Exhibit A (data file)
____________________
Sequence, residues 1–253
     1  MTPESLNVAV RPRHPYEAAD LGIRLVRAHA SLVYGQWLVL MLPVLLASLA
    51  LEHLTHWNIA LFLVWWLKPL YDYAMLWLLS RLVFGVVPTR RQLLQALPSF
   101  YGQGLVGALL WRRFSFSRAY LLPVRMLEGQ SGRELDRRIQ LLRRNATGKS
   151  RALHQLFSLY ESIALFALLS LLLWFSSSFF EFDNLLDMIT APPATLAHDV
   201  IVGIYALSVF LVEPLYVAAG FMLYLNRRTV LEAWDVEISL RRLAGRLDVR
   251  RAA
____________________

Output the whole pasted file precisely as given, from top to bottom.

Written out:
Sequence, residues 1–253
     1  MTPESLNVAV RPRHPYEAAD LGIRLVRAHA SLVYGQWLVL MLPVLLASLA
    51  LEHLTHWNIA LFLVWWLKPL YDYAMLWLLS RLVFGVVPTR RQLLQALPSF
   101  YGQGLVGALL WRRFSFSRAY LLPVRMLEGQ SGRELDRRIQ LLRRNATGKS
   151  RALHQLFSLY ESIALFALLS LLLWFSSSFF EFDNLLDMIT APPATLAHDV
   201  IVGIYALSVF LVEPLYVAAG FMLYLNRRTV LEAWDVEISL RRLAGRLDVR
   251  RAA